But John Stevens, Lockheed Martin vice president of business development for the Orion program, said the Denver-based company simply doesn’t have time to wait for NASA to finish its review.
“If we’re going to meet the 2016 flight date specified in the authorization bill, we have to have a test flight in 2013,” he told Space News on Nov. 23, referring to language in the NASA Authorization Act of 2010 that U.S. President Barack Obama signed into law Oct. 11. “So we’ve put our money down on this so we can reserve the launch slot for a 2013 test, because that’s what’s required to meet the 2016 date that Congress has set.”
Stevens declined to say how much money Lockheed Martin put down to begin formal negotiations with ULA, the Denver-based launch services provider jointly owned by Lockheed Martin and Chicago-based Boeing Co. He said until NASA approves funding for the demo, “any monies we put down as a deposit are at risk.”
Chris Chavez, a ULA spokesman, refused to comment on the flight test, but said launch deposits are equally split between Lockheed Martin and Boeing, which means Lockheed would forfeit half of its deposit monies if it is unable to reach a contractual agreement for the launch.
Lockheed Martin, which beat Los Angeles-based Northrop Grumman Corp. and its teammate Boeing in 2006 for a $3.9 billion contract to design and build Orion, expects to complete the unmanned test flight, even though the Orion’s future has been in question since February when Obama proposed canceling the six-person capsule along with the rest of NASA’s moon-bound Constellation program.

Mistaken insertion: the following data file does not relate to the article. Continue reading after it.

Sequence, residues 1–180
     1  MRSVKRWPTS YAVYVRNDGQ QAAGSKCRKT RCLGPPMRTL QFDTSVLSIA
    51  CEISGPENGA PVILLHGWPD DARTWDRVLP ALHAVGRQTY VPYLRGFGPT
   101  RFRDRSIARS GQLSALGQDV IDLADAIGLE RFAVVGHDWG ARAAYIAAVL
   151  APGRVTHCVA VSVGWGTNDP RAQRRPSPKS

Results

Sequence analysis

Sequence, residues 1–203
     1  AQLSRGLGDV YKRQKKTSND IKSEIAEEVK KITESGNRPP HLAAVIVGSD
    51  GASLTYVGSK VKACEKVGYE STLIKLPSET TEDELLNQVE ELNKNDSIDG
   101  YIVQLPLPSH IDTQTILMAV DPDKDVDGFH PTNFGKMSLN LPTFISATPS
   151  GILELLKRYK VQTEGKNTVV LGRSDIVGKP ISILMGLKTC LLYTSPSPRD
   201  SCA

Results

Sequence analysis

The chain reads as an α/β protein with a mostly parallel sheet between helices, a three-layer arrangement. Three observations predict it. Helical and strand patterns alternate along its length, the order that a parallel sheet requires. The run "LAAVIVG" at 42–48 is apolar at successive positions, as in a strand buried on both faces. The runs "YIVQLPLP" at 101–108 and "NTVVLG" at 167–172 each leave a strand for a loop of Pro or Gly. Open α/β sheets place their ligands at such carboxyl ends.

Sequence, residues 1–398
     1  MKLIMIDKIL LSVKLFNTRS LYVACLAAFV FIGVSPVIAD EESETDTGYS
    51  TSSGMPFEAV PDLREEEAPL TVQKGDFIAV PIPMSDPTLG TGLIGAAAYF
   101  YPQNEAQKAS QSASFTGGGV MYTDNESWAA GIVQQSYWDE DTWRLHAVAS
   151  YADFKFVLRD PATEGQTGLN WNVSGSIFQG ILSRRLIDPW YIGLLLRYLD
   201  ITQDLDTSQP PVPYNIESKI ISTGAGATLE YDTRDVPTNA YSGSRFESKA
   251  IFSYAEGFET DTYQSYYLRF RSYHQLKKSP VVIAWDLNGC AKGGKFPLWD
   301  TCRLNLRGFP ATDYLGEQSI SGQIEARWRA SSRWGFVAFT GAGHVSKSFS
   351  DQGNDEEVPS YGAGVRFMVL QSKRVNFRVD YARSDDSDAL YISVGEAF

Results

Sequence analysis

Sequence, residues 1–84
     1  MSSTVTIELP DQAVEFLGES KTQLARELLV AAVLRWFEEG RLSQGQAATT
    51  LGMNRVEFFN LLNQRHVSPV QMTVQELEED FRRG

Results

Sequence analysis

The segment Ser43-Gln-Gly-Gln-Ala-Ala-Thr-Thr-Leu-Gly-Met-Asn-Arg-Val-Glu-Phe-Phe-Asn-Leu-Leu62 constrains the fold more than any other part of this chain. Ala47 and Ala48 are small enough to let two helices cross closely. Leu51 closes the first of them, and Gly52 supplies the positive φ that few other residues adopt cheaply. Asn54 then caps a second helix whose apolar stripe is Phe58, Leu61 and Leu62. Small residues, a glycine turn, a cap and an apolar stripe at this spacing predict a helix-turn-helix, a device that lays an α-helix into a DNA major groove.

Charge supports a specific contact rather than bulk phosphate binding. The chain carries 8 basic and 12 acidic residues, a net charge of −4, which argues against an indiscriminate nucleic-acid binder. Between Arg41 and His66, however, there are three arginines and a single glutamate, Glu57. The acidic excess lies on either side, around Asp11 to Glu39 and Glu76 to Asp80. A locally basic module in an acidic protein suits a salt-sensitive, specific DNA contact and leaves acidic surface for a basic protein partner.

The NASA Authorization Act the president finally signed into law in October ended up calling for development of a multipurpose crew vehicle — MPCV for short — ready by 2016 to carry astronauts on deep space missions, not just short jaunts back from the space station.
Although the law does not specify Orion as the MPCV it does direct NASA to leverage Orion hardware and designs when building it.
Despite Lockheed Martin’s unorthodox approach to acquiring a launch vehicle for the 2013 test, Stevens said the move squares with Obama’s new vision for NASA, which seeks to foster a market for commercially built rockets and hardware through a combination of public and private investment.
Stevens said Orion‘s original test regime included early flight tests of an un-crewed capsule to low Earth orbit atop Ares I. With NASA’s plan to discontinue the Ares family of rockets in favor of relying on privately developed transportation services, Orion’s scope and test objectives have changed.
“In the original plan [the test flight] was a predecessor to going to station,” he said. “Now we’re doing a more complete test of the vehicle, in some sense, than we were before.”
Stevens said the 2013 test flight Lockheed is planning would launch Orion into a highly elliptical orbit with a 17,000 kilometer apogee, setting up the capsule to re-enter Earth’s atmosphere at speeds it would encounter returning from a deep space mission.
“The notion is that you put it in a highly elliptical orbit so it has a higher re-entry speed than a low Earth orbit,” Stevens said. “As you come back down from the apogee of that orbit, you accelerate the vehicle so that we can achieve actual re-entry speeds that are the same as those from lunar orbits.”
Relative to previous test flights planned under the Constellation program, Stevens said the lunar variant of Orion that would be used to conduct the 2013 test would shed some subsystems for flight atop the Delta 4 heavy, which is capable of delivering about 25 metric tons of payload to low Earth orbit.